england. he may not have achieved that feat himself, but he'll be remembered as the sport's first global superstar. al jazeera. >> just a reminder, you can keep up to date with all the news on our website. you'll find it all at aljazeera.com. >> gunfire in a paris suburb. please raid an apartment where suspects in fridays attacks were believed to be hiding out. >> there were explosions and i could hear that the ceiling was going to crash, so i got out. >> at least two suspects are dead, one of them blew herself up. seven others have been arrested.
>> gunfire and explosions north of paris before dawn this morning. that is where police were looking for the suspected mastermind behind friday's attacks in paris. french authorities say two are dead after that raid in saint denis, including a woman who blew herself up. she is believed to be the cousin of the suspected mastermind, abdelhamid abaaoud. his fate is unclear, but at least seven people have been detained. five officers were wounded in the operation. al jazeera's adam rainy is in saint denis. what are you seeing and hearing right now where you are? >> we're seeing the cleanup of this massive operation, which hundreds of security personnel were here in this suburb of
paris. it was on lockdown for about eight hours. there was a major perimeter around the area. we already heard those gunshots, explosions, people were terrified during this whole operation. here's what some of the people here were talking about. >> i found out that it's at my house and that the people are holed up at my flat. i didn't know they were terrorists. someone asked me a favor. i did them a favor. someone asked me to put up two people, up for three days and i did them a favor. it's normal. i don't know where they came from. i don't know anything. if i'd have known, do you think i'd have done it? >> well, this is the man who allegedly rented or gave space to these fugitives. we don't know the identifies yet of people who have been arrested and identity other than the suspected cousin of the woman who blew herself up. we don't know the identity of the other man who died in this operation. five police officers at least injured. this was a big raid with a lot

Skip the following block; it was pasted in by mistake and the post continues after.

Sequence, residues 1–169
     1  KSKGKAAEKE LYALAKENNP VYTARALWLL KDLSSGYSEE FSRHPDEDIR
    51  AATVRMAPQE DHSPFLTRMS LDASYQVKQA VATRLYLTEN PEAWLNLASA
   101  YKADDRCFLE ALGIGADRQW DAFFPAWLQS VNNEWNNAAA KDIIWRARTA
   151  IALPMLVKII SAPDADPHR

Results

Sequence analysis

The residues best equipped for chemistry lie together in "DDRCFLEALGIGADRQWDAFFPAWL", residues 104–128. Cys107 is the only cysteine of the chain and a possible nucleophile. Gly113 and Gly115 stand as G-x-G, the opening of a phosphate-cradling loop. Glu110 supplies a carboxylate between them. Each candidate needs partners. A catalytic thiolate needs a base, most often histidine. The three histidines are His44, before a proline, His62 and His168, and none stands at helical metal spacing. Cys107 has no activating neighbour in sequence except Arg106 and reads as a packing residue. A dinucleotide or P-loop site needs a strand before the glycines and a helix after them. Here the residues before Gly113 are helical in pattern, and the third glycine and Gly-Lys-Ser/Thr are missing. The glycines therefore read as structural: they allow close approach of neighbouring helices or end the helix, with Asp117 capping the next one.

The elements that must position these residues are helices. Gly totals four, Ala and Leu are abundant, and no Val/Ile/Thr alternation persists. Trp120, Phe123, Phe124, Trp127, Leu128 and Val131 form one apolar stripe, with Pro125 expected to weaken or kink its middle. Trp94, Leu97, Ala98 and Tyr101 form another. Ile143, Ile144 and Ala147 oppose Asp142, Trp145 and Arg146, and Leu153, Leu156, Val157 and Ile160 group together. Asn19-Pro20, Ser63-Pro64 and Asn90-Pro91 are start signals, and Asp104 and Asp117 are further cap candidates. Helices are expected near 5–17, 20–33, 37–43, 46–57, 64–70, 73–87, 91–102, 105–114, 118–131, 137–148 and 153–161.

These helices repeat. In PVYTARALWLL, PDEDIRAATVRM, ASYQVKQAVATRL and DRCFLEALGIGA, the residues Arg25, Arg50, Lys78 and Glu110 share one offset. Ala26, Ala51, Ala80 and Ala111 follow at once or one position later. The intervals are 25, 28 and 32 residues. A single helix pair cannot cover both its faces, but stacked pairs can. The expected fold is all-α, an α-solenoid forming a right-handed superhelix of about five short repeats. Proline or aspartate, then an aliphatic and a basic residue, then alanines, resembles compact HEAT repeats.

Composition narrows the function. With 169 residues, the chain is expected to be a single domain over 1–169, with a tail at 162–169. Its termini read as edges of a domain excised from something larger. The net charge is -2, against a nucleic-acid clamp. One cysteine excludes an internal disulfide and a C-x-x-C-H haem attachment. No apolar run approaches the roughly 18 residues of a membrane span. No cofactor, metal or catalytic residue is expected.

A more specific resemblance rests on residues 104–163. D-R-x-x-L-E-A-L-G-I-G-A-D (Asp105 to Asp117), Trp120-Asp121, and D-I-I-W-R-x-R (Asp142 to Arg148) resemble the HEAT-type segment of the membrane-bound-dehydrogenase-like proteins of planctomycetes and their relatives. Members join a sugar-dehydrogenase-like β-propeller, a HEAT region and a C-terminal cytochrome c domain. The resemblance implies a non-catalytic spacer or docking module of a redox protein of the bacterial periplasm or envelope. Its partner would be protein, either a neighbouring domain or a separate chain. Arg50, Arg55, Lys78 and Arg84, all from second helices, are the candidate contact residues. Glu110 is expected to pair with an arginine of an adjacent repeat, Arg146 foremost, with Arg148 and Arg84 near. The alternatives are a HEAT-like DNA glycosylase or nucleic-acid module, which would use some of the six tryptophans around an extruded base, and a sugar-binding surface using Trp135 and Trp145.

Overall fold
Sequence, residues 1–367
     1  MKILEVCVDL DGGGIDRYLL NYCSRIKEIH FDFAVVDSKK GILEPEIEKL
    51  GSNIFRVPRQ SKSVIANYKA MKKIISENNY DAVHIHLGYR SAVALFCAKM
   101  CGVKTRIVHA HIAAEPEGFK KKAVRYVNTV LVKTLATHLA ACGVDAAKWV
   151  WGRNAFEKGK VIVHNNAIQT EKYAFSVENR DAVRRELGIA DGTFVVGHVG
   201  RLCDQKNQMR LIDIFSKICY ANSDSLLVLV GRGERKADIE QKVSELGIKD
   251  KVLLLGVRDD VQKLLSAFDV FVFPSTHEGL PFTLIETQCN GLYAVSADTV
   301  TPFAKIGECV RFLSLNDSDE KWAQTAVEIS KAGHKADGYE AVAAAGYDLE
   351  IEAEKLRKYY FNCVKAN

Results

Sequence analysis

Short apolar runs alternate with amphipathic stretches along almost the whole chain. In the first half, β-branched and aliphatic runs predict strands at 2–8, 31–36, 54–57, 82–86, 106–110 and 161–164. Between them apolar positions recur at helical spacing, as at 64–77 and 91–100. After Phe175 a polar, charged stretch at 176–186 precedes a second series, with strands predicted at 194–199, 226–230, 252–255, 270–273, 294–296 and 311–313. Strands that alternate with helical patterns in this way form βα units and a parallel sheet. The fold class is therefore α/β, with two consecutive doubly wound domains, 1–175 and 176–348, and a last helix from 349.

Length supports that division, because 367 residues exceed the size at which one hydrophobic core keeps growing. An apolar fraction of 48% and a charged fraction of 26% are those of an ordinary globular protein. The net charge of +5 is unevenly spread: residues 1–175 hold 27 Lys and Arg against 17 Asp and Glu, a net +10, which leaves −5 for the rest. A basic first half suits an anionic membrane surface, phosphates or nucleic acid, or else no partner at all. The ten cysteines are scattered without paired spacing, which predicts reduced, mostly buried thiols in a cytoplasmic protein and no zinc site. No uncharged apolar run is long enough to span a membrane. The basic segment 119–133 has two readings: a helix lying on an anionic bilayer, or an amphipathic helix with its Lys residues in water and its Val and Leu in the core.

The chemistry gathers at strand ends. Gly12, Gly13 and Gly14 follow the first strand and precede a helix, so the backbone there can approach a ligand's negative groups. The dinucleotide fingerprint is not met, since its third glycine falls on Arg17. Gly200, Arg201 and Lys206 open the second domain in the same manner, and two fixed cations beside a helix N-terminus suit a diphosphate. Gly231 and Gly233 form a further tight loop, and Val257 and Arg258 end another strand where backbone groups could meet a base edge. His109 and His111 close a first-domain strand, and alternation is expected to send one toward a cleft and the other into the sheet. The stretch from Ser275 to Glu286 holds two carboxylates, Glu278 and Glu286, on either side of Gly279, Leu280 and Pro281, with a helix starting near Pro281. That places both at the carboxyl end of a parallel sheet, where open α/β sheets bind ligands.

of fallout and people here are really worried. they don't know if the violence is going to stop anytime soon. people we've been speaking to heard loud explosions in the middle of the night. they didn't know exactly what was happening here. now in the cleanup of this, we've seen police pull out bit by bit, but the town is closed down for the most part. you've seen people who live around here just walking around. it's really not clear what evidence that authorities got from here, but what is clear is that the fugitive suspects in this case still appear to be at large and people here in front and especially around paris are worried that that could lead to more violence in the coming days. when we arrived here at the perimeter, we saw how intense it was, because please raised their machine guns at us as we approached the perimeter. we weren't even inside it. they seemed so edgy because of this confrontation that perhaps
was unexpected an their part. they had to call for reinforcement the. that shows this was an unexpected raid in the size that it was and authorities now are trying to close the net on fugitives who are still at large. >> adam reporting from saint denis outside paris. thank you. i want to go to dana lewis live in paris. how are people reacting to the raids and these arrests? >> well, i think people's heads are spinning. here you have the attacks on friday, you have seven people killed in the accused bombings. you had at least two final touch have actives on the run. there were reports they left france, probably into belgium. suddenly, the discovery of apartments yesterday used in staging areas for these attackers on friday, at least two attackers that were here, and another one in eastern paris. suddenly this morning, there's gunfire and long seven hours of
gunfire exchange in northern paris. the question is if abdelhamid abaaoud was here, you have massive questions about intelligence. was he in paris? if he was indeed the mastermind here, which he appears to be, everybody thought that he had left the country. we spoke to mark hecker, a security expert this morning about was abdelhamid abaaoud here. >> if it's true that this guy was here, that's a failure, and two hope pot they say here. you know this guy gave an interview to the web journal a few months ago and explained that he was part of a terrorist plot that was folding in belgium where two other terrorists were killed and explains in this interview that he managed to escape and go back to syria. if this interview is true, then that would mean that he managed to go back to syria and then